December 15, 2017
Lori Hartwell has dealt with chronic illness since she was two years old when she first suffered kidney failure. Since that time, she has survived over 40 various surgeries, 13 years of dialysis, and four kidney transplants as well as all types of health issues related to being on meds for so long. When she suggests readers can be “chronically happy,” she speaks from experience.
The book is prescriptive, encouraging, and fully realistic. While she reminds readers that sometimes you just need to get out there and interact with others doing something fun, she is also fully aware of the fact that sometimes that’s not what is needed. She has a section on how to get through the bad days, advocates napping or “doing nothing” at times when that seems like the best option, and she quotes one friend of hers who counseled Lori when she was feeling badly because her emotions were uncontrollable. The friend said, “Remember, it isn’t you, it’s the meds.”
Hartwell recommends finding support groups (and of course, these are available through Lupus LA, Click Here for more information about our Support Groups), helping others when you can as that can be medicinal, and treating yourself well: Instead of slapping together a sandwich when you get home from work, take time to cook for yourself occasionally, so you value yourself as you would a dinner guest.
One of my favorite parts of the book are the quotes that are sprinkled throughout the book. As early as page 5, Lori turns to Oliver Wendell Holmes for this: “What lies behind us and what lies ahead of us are tiny matters compared to what lives within us.” Or from singer Jimmy Dean: “I can’t change the direction of the wind, but I can adjust my sails to always reach my destination.”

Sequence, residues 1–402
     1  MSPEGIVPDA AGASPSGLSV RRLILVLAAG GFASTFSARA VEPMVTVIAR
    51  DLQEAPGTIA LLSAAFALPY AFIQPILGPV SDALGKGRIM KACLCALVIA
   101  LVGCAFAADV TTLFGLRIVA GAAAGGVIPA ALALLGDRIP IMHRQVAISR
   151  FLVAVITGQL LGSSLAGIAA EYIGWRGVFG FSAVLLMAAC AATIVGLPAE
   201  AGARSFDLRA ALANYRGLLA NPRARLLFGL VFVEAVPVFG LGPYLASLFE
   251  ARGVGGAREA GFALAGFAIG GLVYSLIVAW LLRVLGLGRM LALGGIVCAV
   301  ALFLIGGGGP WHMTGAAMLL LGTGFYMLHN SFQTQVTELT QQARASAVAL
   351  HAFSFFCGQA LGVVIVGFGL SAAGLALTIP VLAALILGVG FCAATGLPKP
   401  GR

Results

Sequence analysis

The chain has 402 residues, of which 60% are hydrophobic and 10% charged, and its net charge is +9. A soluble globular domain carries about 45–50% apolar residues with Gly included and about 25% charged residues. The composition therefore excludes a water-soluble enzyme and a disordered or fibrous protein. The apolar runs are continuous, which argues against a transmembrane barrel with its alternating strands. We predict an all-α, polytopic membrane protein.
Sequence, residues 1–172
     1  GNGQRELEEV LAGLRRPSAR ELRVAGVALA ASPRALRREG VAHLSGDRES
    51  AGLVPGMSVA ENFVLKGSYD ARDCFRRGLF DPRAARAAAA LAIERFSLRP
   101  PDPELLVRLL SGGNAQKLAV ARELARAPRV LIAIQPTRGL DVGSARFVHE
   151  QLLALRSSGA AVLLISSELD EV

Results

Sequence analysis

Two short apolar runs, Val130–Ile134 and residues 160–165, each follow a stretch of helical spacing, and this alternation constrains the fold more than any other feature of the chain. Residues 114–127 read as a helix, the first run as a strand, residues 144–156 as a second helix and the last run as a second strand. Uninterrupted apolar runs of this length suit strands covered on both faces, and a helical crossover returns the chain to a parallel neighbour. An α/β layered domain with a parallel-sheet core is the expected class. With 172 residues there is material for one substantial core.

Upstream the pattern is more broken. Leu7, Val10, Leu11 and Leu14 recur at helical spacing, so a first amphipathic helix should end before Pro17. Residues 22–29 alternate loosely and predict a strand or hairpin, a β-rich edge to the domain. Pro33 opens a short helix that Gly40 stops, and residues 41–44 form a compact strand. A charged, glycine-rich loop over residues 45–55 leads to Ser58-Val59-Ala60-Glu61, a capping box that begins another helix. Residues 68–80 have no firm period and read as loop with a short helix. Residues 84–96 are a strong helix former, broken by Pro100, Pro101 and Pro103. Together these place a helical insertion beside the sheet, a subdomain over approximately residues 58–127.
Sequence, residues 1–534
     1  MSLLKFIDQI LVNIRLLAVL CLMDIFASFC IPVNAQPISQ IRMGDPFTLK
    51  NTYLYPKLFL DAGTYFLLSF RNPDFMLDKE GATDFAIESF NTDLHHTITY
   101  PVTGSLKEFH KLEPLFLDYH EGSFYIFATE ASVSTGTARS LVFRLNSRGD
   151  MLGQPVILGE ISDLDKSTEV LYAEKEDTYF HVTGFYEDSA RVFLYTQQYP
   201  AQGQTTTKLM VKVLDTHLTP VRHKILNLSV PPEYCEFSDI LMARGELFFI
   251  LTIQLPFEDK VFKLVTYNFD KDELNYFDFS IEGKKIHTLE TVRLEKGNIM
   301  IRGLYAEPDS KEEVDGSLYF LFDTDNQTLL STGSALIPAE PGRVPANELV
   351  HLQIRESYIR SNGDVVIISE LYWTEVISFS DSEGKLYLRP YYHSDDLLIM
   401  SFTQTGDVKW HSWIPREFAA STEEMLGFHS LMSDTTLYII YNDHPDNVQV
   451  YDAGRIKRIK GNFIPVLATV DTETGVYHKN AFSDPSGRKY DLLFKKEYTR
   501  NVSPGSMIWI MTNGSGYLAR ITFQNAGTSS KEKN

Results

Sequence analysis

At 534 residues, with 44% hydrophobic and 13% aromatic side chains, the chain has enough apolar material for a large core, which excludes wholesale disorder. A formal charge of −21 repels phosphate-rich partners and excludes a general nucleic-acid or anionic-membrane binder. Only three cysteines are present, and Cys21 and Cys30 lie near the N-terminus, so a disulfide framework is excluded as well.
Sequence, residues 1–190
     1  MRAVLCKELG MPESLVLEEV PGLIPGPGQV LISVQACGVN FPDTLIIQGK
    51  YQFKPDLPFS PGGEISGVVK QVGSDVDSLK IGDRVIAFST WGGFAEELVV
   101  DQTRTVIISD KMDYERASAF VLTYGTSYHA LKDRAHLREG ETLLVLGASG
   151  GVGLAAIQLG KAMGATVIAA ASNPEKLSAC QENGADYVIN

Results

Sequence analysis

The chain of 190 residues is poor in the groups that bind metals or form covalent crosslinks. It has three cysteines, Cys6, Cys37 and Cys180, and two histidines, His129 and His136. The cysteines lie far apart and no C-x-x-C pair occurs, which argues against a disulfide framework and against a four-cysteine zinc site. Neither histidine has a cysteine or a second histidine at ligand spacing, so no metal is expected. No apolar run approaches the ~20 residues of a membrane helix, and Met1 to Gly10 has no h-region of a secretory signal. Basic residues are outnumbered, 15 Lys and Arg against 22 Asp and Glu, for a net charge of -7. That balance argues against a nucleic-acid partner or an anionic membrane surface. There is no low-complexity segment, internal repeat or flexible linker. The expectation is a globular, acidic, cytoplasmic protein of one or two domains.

Lori lives in Glendale with her husband, several dogs, and a parrot named Johnny. She keeps an active business schedule of consulting and public speaking, and is an active participant in several local organizations. She also founded and runs the Renal Support Network, which provides information to patients nationwide.
One of her pet projects through RSN is holding an annual prom for teenagers in Southern California who suffer from kidney disease. Lori missed her own prom because of health issues, so in 1999, she began holding an event that now draws hundreds of young people, giving them a chance to connect with fellow teens in the same situation.
Her book is available through Amazon. Chronically Happy: Joyful Living in Spite of Chronic Illness.
Link to Renal Support Network: http://www.rsnhope.org/